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Gingrich: I’ll ‘ignore’ any Supreme Court ruling I disagree with

By Andrew Jones
Saturday, December 17, 2011 15:46 EDT
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Newt Gingrich giving a thumbs up. Image via AFP.
 
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Republican presidential candidate Newt Gingrich is doubling down from Thursday’s Fox News debate on his vow to abolish federal courts if he disagreed with their decision.

According to The Hill, in a conference call with reporters, Gingrich indicated that it was in the president’s power as commander-in-chief to deem any Supreme Court ruling irrelevant if he or she in the White House disagreed.

The former House Speaker used the Supreme Court’s ruling against the Bush administration exceeding its constitutional authority in handling suspected terrorist detainees at Guantanamo Bay in 2008 as a basis for his extreme view.

“They just ignored it,” he said. “A commander-in-chief could simply issue instructions to ignore it, and say it’s null and void and I do not accept it because it infringes on my duties as commander-in-chief to protect the country.”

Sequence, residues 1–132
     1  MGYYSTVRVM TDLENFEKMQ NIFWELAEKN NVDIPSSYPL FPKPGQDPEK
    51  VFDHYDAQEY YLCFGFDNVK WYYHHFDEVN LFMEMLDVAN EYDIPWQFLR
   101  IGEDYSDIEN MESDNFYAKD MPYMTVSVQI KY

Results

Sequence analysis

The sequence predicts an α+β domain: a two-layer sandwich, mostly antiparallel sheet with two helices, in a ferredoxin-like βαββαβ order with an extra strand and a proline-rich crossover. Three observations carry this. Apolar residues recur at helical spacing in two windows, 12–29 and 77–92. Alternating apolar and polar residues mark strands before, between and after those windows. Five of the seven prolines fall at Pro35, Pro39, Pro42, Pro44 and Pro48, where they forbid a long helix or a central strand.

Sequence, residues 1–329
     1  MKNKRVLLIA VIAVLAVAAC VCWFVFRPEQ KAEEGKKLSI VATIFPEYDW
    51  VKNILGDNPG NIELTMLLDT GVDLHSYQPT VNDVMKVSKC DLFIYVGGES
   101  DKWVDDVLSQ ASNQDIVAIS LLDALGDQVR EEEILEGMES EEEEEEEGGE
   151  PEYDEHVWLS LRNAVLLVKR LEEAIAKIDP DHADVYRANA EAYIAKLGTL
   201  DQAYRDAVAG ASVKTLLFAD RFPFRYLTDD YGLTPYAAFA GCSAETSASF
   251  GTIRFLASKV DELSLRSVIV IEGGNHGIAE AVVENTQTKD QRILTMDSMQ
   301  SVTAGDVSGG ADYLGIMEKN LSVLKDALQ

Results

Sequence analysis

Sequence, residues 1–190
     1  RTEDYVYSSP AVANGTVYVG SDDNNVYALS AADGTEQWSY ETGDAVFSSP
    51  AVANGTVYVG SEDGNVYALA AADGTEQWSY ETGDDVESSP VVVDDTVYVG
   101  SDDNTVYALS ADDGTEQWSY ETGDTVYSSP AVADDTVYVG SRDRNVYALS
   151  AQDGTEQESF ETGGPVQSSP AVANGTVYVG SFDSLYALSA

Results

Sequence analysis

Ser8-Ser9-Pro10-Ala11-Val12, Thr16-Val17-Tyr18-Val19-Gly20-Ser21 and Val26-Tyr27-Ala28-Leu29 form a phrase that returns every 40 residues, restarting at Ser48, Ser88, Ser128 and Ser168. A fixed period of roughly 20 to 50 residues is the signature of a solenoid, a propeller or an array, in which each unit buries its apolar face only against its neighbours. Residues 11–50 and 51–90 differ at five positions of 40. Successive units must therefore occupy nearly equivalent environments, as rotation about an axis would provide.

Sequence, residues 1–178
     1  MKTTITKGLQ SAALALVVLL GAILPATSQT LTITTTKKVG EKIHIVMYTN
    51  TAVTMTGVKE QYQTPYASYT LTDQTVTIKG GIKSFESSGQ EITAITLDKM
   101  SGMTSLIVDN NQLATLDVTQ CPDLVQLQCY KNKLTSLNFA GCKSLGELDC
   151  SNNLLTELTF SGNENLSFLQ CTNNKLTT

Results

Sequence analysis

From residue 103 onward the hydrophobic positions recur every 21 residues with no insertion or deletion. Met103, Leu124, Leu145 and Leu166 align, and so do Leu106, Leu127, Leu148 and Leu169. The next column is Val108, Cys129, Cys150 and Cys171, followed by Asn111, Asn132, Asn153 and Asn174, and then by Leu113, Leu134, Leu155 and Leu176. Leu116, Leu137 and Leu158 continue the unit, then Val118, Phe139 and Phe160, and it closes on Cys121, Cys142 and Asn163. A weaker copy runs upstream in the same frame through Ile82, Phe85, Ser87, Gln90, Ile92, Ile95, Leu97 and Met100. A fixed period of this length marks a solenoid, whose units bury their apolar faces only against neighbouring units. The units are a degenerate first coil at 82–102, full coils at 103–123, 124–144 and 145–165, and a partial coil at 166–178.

Gingrich also backed his position to subpoena judges or abolish courts entirely if he thought their final rulings were wrong.

The current GOP frontrunner’s position challenges the landmark Supreme Court case of Marbury v Madison in 1803, where America’s highest court would be granted the final word on whether acts by the president or Congress are constitutional.

Andrew Jones
Andrew Jones
Andrew Jones is a staff writer/reporter for Raw Story. Besides covering politics, he is also a freelance sports journalist, as well as a slam poetry and music artist. You can follow him on Twitter @sluggahjells.
 
 
 
 
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